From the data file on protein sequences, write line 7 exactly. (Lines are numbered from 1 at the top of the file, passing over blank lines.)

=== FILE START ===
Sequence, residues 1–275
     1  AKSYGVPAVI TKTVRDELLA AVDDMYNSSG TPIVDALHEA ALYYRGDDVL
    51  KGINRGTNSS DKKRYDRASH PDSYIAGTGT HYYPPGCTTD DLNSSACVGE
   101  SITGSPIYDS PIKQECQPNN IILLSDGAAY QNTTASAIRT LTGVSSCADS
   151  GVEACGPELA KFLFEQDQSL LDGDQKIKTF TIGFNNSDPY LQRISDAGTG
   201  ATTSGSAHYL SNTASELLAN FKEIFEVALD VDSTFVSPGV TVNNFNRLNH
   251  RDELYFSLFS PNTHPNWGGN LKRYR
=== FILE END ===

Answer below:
   251  RDELYFSLFS PNTHPNWGGN LKRYR